Unions make it possible for groups of people who don’t necessarily work together to take collective action. But what about workers in the so-called “on-demand economy?” Contractors in the startup world–the people who deliver your food, drive you around, or complete your tasks–have little recourse if they want to band together. And all too often, they’re treated like cogs in a well-funded machine, with little acknowledgement that they’re real people with needs. They have few to no protections.
A Stanford-led team of researchers set out to see if there was some sort of platform that could be created for workers in this new economy, where they could discuss their problems and come up with strategies to address them. Their creation: Dynamo, a virtual forum for the freelancers who find gigs on Amazon’s Mechanical Turk, a crowd-powered work platform.
Created over a two-year period, Dynamo now has hundreds of regular users who work together to create collective action. It’s not as if Mechanical Turk workers haven’t gathered in other forums–there is a subreddit where workers report on the best-paying Turk tasks available at any given moment, for example–but the researchers found that these other forums rarely lead to sustained action.
In many ways, Dynamo is like any other online forum, but with a few tweaks to make it more attractive to workers. Privacy is a big component; no one wants their employer to know if they are badmouthing them. To overcome these concerns, the researchers required that workers had a certain amount of Turk tasks completed before signing up, gave them unique registration codes, and assigned random screen names. Dynamo also has a seemingly reddit-inspired way of dealing with individual issues. From the researchers’ paper on Dynamo:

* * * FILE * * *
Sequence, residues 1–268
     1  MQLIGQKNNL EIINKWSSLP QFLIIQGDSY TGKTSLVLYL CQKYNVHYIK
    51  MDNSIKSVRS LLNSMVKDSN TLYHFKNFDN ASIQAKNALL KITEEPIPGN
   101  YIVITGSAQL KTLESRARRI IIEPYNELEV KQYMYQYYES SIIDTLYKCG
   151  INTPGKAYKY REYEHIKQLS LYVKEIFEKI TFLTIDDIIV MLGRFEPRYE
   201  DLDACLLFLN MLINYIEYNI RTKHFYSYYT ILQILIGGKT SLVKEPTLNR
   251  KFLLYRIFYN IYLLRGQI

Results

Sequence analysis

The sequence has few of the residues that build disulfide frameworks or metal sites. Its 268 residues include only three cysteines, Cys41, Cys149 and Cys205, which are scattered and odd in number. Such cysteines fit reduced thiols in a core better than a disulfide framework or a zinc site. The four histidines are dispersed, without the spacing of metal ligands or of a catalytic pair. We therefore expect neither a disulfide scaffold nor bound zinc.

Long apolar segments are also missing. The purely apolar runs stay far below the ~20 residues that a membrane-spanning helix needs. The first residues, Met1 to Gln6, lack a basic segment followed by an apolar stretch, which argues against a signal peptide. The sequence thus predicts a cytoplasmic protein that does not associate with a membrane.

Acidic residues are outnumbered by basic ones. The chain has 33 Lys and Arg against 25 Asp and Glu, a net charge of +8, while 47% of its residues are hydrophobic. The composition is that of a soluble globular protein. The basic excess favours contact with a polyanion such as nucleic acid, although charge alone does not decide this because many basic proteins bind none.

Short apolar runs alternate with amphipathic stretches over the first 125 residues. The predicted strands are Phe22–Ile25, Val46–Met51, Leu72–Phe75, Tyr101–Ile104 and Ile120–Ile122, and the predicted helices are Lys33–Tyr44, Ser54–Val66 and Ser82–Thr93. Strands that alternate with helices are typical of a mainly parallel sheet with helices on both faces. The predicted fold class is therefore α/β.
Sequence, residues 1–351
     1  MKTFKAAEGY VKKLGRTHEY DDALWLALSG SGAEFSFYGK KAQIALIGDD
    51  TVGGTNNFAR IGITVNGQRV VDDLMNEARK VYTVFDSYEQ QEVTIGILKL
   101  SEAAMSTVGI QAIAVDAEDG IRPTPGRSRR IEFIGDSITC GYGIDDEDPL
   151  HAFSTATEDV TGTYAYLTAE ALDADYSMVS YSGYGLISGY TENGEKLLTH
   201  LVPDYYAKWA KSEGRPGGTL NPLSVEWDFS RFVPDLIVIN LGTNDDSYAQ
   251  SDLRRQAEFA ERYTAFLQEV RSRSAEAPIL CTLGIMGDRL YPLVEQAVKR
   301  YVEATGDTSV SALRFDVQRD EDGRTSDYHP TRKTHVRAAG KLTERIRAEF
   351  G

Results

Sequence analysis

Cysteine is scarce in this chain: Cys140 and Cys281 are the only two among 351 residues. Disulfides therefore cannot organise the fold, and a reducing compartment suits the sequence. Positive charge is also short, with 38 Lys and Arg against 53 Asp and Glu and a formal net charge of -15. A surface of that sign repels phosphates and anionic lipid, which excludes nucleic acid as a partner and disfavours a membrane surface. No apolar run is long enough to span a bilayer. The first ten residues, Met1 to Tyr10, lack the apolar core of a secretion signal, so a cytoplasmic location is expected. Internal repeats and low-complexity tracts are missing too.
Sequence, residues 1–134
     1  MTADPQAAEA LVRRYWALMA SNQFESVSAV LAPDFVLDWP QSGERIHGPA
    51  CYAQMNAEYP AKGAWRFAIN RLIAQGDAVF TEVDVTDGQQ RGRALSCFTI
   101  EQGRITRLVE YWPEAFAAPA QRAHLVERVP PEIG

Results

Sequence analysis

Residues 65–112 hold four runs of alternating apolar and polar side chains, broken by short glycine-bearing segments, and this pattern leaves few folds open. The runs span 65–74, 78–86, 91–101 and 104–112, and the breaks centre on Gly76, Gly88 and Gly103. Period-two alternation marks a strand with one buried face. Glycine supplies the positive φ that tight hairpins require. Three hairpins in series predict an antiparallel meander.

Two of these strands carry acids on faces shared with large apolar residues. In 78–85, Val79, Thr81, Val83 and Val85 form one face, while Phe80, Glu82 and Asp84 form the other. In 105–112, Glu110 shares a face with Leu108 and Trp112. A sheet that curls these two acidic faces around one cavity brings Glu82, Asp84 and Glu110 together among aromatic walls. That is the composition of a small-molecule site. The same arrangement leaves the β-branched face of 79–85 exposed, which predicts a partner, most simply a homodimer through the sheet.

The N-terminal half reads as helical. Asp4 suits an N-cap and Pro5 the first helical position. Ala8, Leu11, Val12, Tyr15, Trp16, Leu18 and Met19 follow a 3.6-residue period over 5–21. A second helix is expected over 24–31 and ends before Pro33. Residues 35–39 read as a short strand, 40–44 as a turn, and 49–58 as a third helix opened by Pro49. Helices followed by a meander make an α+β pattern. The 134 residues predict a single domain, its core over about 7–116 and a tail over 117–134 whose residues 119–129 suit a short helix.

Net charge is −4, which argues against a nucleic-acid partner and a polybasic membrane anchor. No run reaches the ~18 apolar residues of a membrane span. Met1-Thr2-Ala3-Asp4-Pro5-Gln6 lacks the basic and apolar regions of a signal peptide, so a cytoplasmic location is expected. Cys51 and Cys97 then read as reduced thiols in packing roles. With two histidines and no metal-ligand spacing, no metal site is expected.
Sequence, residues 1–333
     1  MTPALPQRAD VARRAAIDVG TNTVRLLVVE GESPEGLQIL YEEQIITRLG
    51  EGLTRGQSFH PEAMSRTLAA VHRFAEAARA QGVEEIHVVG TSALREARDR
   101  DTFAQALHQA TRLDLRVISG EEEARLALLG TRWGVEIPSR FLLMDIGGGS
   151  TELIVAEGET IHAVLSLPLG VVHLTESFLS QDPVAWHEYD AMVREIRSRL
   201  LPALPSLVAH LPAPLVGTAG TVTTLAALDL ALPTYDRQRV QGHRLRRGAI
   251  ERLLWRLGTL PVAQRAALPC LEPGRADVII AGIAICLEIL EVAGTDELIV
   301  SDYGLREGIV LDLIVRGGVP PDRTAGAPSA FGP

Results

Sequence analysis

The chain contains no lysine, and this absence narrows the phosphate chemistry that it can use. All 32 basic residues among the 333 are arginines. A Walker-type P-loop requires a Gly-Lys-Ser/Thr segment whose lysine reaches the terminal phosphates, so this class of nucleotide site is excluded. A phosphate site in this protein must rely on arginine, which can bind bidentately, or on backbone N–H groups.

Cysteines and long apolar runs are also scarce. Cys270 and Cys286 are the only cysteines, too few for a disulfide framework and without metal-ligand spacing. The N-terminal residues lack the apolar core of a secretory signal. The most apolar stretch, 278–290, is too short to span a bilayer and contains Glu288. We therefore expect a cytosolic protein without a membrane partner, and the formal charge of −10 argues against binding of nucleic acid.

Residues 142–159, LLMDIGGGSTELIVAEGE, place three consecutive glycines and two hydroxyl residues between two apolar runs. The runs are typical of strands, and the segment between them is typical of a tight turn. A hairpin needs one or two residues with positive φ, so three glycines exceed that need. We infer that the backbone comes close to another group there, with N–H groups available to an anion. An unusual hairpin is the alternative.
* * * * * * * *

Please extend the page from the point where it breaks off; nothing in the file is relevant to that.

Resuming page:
Dynamo focuses on short idea pitches. Ideas act as polls that enable publics to form around them. Pitching a new idea requires a 140-character description, such as “I think we should create a Dynamo badge for good requesters who are following the guidelines so they can put it on their surveys.” Workers can vote the idea up or down, and the idea graduates to become a campaign once it acquires 25 upvotes and has more upvotes than downvotes. Once a user submits an idea, Dynamo automatically generates a new forum thread to host discussion and debate on the idea.
In six months of operation, some 470 Turk workers registered–a fairly small number considering the huge scale of Mechanical Turk, but the researchers only aimed to attract “small groups of motivated people” in the first place. Among the campaigns launched on Dynamo: a worker-owned alternative to Amazon’s worker certification, worker-created ethical guidelines for academic researchers using Mechanical Turk, and a letter-writing campaign to Jeff Bezos that attempts to humanize Turk workers. (The campaign’s description: “We are writing to let you and the rest of the world know all about who we are. The intent is for you to see that Turkers are not only actual human beings, but people who deserve respect, fair treatment and open communication.”)
Some concrete changes have been achieved, too. Thanks to Dynamo, Amazon.com now offers direct deposit to Turk workers in India.
Not every campaign is expected to be successful; as with any online forum, Dynamo has dealt with slowing momentum on certain topic threads as well as pointless and alienating arguments. Community moderation from the researchers has helped.
Dynamo is just one relatively small-scale example of what companies should offer their freelance employees. Of course, there has to be some sort of incentive–for many startups, the business plan starts to falter once hourly workers realize that they should ask for better treatment.